The wind can be blowing, but if we don’t have our sails up, we won’t be able to catch the wind and let it take us somewhere. The sap can be flowing through the vine, but if the branch is broken off, it starves and withers away. If you don’t have kindling and wood in your fire circle, a match won’t burn very long.
As we have entered this season of the Spirit, we are reminding ourselves that the Spirit is everywhere – around us, in us, moving through us. What might this mean for how we live our lives? What does it mean to be a Trinity people? Sometimes we in the church focus so much on Jesus – his teaching and what his life on earth meant for us – that we lose touch with the Spirit. This was why Jesus said it was better for him to go away – so we would notice the Spirit. For the next couple of Sundays we will look at different Biblical metaphors for living life in the season of the Spirit.
Today Jesus’ metaphor of the vine and the branches reminds us to keep it simple. Just live in the Spirit of Jesus.
Many of the Pharisees at the time of Jesus believed that if the whole people of God could keep the Torah perfectly for just one day, the Kingdom of God would come. Western Christianity has been highly influenced by this approach. If we could just know more, have stronger will-power, the kingdom would come. That is a lot to put on the backs of human beings! Does the Kingdom require perfect human behavior? Knowing and practicing the Law perfectly is not the key to the Kingdom.
So what is? The answer lies in becoming thoroughly connected to the Spirit, like the branch to the vine.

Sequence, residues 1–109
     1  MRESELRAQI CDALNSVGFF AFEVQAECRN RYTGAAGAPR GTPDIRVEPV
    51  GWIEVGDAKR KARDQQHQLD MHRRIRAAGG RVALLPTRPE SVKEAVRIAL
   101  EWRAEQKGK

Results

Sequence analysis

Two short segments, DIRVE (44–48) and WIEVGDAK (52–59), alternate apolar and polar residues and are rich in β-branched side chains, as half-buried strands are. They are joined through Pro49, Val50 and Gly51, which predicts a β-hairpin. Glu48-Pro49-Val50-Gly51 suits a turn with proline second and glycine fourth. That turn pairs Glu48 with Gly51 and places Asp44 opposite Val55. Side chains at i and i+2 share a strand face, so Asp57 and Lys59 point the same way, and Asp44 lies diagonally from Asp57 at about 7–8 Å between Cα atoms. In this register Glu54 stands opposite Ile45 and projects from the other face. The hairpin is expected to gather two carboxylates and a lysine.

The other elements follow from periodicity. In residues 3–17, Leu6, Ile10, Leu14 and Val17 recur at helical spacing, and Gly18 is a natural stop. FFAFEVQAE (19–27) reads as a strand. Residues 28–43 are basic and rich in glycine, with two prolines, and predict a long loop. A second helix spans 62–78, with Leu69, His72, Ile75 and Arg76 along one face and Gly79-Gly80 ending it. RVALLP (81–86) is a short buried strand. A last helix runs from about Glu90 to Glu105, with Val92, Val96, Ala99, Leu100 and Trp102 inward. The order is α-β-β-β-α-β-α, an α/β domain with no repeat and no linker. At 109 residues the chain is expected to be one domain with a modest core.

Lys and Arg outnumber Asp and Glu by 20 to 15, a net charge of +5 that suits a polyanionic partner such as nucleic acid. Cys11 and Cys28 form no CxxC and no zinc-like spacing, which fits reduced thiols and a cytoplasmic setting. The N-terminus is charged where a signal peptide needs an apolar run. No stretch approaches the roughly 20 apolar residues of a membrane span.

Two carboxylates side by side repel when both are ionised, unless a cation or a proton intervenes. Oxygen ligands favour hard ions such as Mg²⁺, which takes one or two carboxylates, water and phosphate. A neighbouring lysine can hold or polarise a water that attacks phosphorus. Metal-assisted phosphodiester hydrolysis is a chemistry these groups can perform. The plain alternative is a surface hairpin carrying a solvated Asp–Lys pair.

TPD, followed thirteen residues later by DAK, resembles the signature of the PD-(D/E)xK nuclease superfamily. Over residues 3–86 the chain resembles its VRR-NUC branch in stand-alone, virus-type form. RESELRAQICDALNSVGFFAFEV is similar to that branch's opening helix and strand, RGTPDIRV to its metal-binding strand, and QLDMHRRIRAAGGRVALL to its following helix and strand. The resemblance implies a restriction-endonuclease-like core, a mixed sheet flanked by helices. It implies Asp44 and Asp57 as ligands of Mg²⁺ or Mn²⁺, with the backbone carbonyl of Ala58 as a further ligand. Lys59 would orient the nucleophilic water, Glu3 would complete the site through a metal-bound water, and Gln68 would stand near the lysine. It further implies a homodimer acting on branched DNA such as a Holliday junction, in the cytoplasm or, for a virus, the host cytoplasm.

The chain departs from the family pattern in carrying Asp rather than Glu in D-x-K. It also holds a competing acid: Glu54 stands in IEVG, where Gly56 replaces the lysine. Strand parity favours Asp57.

As many of you know, I grew up on a farm. I helped my Dad plant his first vineyard. It was quite and adventure! Dad contracted with another farmer to buy from him the brush that he cut off at pruning time. Then Dad set to work. He cut 18-inch sections of strong, healthy branches. He dug a trough in the soil in front of our house and buried the wood until after the winter. When the field was all prepared and the time was right, he dug up those sticks, and – low and behold – they had sprouted roots! Working quickly, the sticks were planted in the field in neat rows, watered in, and again, left to their own secret work. It wasn’t long before we began to notice green sprigs peeping out from those dead-looking pieces of stick. They were alive and well. Through the months that followed, Dad, the vine-grower, watched each of those sticks. Those that showed no green buds were quickly replaced. Later in the summer, we children were enlisted again to “sucker” the vines – to take off all the green shoots which were coming out of the trunk. The vines were off and growing. Dad watched carefully for the good strong canes, pruning off what was weak, or was too much for the young vines. After a couple of years letting them focus just on growing, he began to let them produce a little bit of fruit. At the end of each season, from then on, the pruning would be done. He could save wood to sell to other farmers when it was fresh cut, or he could pile it and let it dry, to be consumed in great bonfires – another part of the process we children enjoyed.